I would like to illustrate what I said about Finland and Russia with two examples of smooth cooperation. First, the Finnish-Russian border. We have reason to be proud of the cooperation between Finnish and Russian border authorities, inclu-ding the customs. Working in cooperation, the authorities of the two countries have managed to create border arrangements that facilitate economic exchange. The border between Finland and Russia is considered to be a model of a well-functioning international interface. Based on our experience, we are helping Es-tonia and Lithuania to organize their border authorities and to train their staff.

The other example is the cross-border cooperation between neighboring munici-palities and districts that was launched at the beginning of the 1990’s. Small in-vestments are used to initiate grass roots projects that are supported by interna-tional financing. This cooperation benefits people on both sides of the border. In a way, they are just reviving an old tradition of cross-border contacts that was broken after the Bolshevik revolution 80 years ago...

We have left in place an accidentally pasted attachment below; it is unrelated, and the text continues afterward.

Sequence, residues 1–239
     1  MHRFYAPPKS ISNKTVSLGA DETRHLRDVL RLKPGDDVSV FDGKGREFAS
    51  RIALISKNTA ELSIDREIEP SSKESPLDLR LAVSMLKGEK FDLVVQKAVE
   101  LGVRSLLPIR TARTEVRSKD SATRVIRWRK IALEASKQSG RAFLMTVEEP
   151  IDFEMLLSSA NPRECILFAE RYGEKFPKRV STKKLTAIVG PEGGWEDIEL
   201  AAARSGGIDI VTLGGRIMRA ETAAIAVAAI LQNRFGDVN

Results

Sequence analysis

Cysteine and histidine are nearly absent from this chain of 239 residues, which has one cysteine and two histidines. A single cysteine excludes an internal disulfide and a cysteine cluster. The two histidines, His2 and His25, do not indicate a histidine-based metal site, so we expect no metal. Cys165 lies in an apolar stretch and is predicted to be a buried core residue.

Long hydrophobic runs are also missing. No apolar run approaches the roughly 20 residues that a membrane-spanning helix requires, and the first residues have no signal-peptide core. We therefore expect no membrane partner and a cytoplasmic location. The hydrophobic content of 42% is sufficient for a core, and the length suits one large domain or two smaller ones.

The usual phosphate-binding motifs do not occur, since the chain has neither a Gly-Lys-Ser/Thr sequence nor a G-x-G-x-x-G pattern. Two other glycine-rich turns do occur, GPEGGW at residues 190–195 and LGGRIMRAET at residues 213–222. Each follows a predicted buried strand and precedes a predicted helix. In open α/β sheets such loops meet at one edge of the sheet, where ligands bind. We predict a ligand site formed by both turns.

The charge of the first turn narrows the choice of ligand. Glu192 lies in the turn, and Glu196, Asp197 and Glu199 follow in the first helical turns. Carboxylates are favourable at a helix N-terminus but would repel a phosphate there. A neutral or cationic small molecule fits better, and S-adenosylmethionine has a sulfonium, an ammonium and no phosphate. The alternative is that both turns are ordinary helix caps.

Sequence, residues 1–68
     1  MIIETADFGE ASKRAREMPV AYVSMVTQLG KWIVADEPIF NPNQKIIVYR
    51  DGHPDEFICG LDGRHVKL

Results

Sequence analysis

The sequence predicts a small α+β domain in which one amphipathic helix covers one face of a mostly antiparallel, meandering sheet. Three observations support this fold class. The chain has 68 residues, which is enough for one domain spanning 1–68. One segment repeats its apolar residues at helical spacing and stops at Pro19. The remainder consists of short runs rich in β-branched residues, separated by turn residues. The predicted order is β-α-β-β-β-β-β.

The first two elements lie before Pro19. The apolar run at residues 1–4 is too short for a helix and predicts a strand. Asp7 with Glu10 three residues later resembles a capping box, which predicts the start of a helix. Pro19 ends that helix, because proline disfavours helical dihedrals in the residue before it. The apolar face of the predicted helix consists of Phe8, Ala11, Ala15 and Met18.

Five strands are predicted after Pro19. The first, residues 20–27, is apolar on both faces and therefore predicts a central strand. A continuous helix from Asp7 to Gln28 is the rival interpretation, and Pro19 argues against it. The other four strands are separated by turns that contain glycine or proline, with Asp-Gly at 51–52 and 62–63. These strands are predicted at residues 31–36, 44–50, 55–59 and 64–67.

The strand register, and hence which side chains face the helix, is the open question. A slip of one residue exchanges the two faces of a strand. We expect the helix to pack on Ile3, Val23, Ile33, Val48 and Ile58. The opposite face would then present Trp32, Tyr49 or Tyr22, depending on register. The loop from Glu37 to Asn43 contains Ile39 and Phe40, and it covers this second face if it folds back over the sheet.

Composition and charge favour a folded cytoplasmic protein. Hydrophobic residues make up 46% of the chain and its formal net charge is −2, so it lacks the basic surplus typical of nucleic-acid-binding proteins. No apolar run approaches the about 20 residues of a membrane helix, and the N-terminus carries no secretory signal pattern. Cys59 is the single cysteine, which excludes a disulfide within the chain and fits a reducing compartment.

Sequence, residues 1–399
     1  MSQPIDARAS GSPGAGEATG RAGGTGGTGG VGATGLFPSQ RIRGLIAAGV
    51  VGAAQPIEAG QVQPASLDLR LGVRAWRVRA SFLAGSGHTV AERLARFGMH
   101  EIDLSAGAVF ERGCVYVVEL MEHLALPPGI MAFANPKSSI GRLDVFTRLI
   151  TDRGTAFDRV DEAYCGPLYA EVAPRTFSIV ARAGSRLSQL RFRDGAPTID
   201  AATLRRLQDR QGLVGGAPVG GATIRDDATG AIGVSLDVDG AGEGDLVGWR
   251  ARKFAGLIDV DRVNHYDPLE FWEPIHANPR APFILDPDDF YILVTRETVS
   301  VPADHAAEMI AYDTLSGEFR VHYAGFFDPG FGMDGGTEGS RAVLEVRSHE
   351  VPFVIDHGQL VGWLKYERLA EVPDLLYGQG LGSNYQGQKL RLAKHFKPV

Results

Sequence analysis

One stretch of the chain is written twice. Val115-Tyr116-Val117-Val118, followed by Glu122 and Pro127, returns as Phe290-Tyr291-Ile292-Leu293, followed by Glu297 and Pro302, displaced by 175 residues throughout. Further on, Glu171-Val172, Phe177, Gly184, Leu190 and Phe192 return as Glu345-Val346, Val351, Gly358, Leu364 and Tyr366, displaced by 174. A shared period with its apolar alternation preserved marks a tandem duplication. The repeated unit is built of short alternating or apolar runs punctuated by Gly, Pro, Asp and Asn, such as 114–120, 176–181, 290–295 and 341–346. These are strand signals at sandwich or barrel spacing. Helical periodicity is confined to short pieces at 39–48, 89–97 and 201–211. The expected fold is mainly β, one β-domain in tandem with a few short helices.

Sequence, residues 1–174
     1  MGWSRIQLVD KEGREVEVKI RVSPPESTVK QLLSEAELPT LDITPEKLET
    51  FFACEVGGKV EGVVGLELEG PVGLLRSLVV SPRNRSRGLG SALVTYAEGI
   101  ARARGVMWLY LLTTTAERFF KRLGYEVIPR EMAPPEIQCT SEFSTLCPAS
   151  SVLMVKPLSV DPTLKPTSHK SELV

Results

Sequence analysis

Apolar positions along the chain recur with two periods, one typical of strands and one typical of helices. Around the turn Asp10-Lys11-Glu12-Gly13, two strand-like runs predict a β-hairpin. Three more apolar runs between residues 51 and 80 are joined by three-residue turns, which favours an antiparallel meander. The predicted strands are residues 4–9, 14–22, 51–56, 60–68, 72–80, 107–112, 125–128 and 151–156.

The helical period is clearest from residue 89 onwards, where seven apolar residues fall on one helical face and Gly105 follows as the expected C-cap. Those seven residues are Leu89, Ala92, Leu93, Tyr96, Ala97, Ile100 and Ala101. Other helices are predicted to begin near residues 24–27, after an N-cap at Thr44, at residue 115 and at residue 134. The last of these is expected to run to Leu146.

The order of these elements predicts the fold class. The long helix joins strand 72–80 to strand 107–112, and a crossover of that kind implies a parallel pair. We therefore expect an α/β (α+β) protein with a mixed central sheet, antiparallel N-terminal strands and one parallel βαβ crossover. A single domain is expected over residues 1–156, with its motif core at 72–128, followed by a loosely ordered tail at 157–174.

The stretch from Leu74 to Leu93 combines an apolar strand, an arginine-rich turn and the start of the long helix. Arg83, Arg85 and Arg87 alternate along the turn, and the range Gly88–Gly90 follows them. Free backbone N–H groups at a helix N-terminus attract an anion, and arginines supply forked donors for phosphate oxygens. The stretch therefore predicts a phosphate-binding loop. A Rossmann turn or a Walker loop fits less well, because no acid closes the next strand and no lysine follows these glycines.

These examples demonstrate how Finland and the international community can support Russia on its road towards democracy and the rule of law. By supporting the development of true federalism and devolution by design in Russia we can help to prevent disintegration by default.

It may seem from the outside that the European Union spends a lot of time on re-gulating the lives of its members and their citizens. This may be true. But it does not mean that the European Union is relevant only to its members. Its significan-ce to outsiders is growing step by step, year by year. As this year began, there was another step, in fact a giant leap, when the euro was born as the common currency of eleven European countries and as an international currency alongside the U.S. dollar. Based on stock exchange figures and the euro quotations, the common currency was well received in financial and monetary quarters, which were long of the opinion that the euro would never be more than an idea. Now they are treating it with respect.